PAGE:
Mazzilli, Cerone Placed on Disabled List

Outfielder Lee Mazzilli of the Mets and catcher Rick Cerone of the Blue Jays were both placed on the 15-day disabled list by their respective clubs today, after sustaining injuries during their games of July 22nd.

For Mazzilli, it’s the third time this season he’ll miss games due to injury; in yesterday’s Mets-Braves meeting at Shea Stadium, Mazzilli was knocked out of action when, after hitting two home runs in three at-bats earlier in the game, he crashed into the center field wall while chasing a fly ball off the bat of Braves leadoff batter Jerry Royster, which resulted in a triple for Royster and a prone outfielder for the Mets; a shaken Mazzilli was tended to and helped off the field, with what would later be diagnosed as a mild concussion.

For Cerone, his injury was less dramatic but no less severe; with the A’s batting in the third inning against Jerry Garvin and the Jays yesterday at Exhibition Stadium, a foul off the bat of first baseman Dave Revering struck Cerone in the foot, resulting in a fracture of the big toe that may require surgery. Cerone immediately left the game and was replaced by Alan Ashby, normally the team’s starting backstop.

With players out of commission for two weeks, both teams made moves to replace them during the interim; the Mets called up outfielder Dan Norman from their AAA affiliate at Tidewater, while the Blue Jays summoned catcher Ernie Whitt from Syracuse.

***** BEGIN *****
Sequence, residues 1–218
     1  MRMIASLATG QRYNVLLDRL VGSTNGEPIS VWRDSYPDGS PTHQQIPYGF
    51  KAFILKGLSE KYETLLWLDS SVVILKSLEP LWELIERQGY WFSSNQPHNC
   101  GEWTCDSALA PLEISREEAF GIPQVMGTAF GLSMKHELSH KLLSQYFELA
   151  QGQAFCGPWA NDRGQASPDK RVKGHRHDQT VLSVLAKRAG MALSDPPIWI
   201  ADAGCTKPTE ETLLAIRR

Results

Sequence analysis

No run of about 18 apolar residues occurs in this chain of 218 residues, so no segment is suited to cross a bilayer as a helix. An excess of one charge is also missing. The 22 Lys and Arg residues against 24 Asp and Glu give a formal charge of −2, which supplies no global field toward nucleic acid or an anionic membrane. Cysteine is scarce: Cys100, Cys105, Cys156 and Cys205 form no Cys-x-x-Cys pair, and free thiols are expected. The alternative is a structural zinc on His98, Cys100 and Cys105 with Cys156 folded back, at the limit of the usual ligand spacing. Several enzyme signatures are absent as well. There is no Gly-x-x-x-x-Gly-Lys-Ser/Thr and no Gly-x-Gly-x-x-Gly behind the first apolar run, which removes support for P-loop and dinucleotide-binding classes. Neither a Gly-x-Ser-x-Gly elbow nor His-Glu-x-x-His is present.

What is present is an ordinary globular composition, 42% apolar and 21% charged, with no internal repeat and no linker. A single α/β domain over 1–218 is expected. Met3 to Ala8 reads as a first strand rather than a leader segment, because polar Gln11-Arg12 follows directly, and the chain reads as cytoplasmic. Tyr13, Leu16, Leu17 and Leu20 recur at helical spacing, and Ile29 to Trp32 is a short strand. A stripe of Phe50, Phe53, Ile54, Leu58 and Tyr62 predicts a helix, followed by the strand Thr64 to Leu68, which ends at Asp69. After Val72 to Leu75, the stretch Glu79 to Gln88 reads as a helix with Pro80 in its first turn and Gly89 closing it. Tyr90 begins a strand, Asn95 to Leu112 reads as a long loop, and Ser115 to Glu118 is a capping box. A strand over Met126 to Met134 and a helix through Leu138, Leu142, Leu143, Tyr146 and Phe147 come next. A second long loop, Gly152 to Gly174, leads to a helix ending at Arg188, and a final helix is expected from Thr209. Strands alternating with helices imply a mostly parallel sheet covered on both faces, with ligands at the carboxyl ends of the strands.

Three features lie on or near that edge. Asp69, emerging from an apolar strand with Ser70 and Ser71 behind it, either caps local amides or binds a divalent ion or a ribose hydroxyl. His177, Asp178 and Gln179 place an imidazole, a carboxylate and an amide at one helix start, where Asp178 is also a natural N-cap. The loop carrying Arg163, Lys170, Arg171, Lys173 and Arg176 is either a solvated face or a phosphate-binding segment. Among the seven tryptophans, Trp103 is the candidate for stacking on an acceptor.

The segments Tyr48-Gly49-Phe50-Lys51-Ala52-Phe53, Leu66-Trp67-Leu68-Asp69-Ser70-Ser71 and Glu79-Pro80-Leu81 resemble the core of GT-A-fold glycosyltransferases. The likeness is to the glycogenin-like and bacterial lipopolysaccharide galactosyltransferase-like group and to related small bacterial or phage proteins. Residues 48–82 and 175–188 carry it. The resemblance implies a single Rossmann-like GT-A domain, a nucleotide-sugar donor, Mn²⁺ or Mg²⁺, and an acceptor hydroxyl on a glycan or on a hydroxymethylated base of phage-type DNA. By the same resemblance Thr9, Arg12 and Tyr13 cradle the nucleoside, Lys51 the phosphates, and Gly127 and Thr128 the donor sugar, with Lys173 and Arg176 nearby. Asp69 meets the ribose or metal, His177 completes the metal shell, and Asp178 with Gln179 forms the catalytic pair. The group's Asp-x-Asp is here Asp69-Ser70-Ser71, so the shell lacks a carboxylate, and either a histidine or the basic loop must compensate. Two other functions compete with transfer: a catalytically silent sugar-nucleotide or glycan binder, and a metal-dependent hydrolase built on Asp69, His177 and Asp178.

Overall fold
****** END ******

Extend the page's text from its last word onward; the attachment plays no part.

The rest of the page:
2 responses to “Mazzilli, Cerone Placed on Disabled List

  1. Let the Ernie Whitt era begin!
    Also, in SOC, I couldn’t trust Mazzilli to stay away from the walls, so he was mostly relegated to pinch hitting duties (with which he did quite well).

  2. Mazzilli is tearing up the NL this year–as well as his skeletal structure–so I can’t dump him into a pinch-hitting role just yet. We’ll see how he does when he returns in two weeks…I mean, 17 months.

    And I checked his prior two injuries this year, and both came while diving for fly balls. Of course, that could also mean he dove head-first into an outfield wall while trying to catch those fly balls.

    You probably already checked this, but the Ernie Whitt era will begin in SP78 with stats that show 2 games played during the actual 1978 season! His Statis Pro card is comical: no chances for hits of any kind, a walk range of 11-28, a strikeout range of 31-53, and all outs after that. I’ll play him a few times and see how he does with that kind of debilitating card!

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